- Press Release
- February 4, 2023
Chemistry in Protoplanetary Disks: Gas-phase CO/H2 Ratio and the Carbon Reservoir
The gas mass of protoplanetary disks, and the gas-to-dust ratio, are two key elements driving the evolution of these disks and the formation of planetary system.
We explore here to what extent CO (or its isotopologues) can be used as a tracer of gas mass. We use a detailed gas-grain chemical model and study the evolution of the disk composition, starting from a dense pre-stellar core composition. We explore a range of disk temperature profiles, cosmic rays ionization rates, and disk ages for a disk model representative of T Tauri stars. At the high densities that prevail in disks, we find that, due to fast reactions on grain surfaces, CO can be converted to less volatile forms (principally s-CO2, and to a lesser extent s-CH4) instead of being evaporated over a wide range of temperature. The canonical gas-phase abundance of 10−4 is only reached above about 30-35 K.
The dominant Carbon bearing entity depends on the temperature structure and age of the disk. The chemical evolution of CO is also sensitive to the cosmic rays ionization rate. Larger gas phase CO abundances are found in younger disks. Initial conditions, such as parent cloud age and density, have a limited impact. This study reveals that CO gas-phase abundance is heavily dependent on grain surface processes, which remain very incompletely understood so far. The strong dependence on dust temperature profile makes CO a poor tracer of the gas-phase content of disks.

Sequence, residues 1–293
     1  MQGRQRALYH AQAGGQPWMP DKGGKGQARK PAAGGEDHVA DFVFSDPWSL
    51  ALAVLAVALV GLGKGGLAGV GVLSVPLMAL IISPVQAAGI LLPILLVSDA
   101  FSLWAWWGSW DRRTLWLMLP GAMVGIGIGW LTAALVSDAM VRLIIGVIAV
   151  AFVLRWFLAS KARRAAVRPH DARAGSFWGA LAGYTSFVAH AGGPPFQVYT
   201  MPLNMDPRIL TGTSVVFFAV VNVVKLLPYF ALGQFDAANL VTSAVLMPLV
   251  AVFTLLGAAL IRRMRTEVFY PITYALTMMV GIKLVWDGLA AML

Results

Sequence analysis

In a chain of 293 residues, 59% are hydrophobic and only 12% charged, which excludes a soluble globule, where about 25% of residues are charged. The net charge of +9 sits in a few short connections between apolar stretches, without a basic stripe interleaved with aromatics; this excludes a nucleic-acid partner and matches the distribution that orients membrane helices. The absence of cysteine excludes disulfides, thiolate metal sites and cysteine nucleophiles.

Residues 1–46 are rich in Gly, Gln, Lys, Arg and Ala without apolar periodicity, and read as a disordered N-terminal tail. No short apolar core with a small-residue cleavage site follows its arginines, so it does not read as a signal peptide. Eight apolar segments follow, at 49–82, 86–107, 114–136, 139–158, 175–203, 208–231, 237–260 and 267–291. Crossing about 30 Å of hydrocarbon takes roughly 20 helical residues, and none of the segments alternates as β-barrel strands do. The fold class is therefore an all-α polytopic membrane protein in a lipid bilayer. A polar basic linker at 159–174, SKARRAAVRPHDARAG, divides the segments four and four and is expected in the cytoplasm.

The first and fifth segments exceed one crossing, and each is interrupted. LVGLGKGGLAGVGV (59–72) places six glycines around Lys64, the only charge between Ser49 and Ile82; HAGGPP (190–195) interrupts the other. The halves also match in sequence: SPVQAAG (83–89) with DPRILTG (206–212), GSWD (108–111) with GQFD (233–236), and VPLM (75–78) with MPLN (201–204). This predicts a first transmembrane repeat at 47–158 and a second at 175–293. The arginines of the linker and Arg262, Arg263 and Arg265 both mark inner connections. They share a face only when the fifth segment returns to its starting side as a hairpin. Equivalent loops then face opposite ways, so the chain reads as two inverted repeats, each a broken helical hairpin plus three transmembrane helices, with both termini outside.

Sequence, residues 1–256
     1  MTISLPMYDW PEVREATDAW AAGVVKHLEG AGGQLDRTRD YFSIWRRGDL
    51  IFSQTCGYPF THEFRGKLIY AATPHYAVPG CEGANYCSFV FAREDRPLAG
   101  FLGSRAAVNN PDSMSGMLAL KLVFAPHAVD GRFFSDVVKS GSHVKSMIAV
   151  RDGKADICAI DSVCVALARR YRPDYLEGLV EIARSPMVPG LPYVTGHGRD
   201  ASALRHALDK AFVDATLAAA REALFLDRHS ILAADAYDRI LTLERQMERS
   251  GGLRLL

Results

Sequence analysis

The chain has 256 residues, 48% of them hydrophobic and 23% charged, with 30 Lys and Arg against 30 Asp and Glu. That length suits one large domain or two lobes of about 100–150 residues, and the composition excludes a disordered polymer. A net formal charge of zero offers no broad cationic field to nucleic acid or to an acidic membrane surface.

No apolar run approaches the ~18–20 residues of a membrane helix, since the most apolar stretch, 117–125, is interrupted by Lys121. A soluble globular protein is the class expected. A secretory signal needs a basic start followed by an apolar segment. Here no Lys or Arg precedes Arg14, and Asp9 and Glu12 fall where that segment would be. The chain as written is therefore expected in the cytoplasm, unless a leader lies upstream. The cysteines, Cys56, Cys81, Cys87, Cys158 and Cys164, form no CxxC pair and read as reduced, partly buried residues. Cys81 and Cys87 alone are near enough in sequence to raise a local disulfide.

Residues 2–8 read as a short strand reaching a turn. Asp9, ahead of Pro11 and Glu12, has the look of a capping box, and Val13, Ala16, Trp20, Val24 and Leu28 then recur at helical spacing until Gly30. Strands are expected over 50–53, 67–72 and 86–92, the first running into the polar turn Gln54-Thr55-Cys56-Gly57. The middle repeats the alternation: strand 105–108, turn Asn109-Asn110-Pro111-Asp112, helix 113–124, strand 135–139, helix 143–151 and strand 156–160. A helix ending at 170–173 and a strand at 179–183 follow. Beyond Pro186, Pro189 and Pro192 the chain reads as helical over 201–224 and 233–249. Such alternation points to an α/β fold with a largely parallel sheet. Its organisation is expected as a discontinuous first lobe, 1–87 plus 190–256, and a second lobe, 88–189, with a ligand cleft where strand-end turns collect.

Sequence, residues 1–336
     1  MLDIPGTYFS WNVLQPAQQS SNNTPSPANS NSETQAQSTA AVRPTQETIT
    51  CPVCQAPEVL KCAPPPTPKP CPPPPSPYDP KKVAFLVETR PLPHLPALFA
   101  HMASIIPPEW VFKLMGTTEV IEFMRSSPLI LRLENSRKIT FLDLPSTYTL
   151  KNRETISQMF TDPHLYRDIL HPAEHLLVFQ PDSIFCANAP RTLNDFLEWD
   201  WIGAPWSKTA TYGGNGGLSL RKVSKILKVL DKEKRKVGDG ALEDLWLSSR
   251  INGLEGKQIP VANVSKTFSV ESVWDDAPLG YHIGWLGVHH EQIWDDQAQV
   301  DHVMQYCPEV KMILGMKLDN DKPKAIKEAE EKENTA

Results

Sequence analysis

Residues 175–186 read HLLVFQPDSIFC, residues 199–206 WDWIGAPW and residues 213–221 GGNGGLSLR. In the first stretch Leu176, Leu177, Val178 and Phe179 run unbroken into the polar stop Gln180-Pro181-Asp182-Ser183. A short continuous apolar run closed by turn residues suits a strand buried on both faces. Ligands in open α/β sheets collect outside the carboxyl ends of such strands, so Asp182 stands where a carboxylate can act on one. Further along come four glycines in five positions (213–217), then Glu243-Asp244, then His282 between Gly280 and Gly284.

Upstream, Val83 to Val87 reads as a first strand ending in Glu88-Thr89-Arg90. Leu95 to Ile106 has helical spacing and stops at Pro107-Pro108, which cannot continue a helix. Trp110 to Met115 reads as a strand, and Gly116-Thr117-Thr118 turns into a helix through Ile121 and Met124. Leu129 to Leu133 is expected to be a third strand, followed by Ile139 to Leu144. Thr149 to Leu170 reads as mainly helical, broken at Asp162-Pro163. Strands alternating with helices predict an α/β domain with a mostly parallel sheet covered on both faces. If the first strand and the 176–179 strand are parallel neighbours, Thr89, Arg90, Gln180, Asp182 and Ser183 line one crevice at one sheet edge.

L. Reboussin, V. Wakelam, S. Guilloteau, F. Hersant, A. Dutrey
(Submitted on 6 May 2015)
Comments: 11 pages, 9 figures, Accepted for publication in A&A
Subjects: Solar and Stellar Astrophysics (astro-ph.SR); Earth and Planetary Astrophysics (astro-ph.EP)
Cite as: arXiv:1505.01309 [astro-ph.SR] (or arXiv:1505.01309v1 [astro-ph.SR] for this version)
From: Laura Reboussin
[v1] Wed, 6 May 2015 10:27:48 GMT (1404kb,D)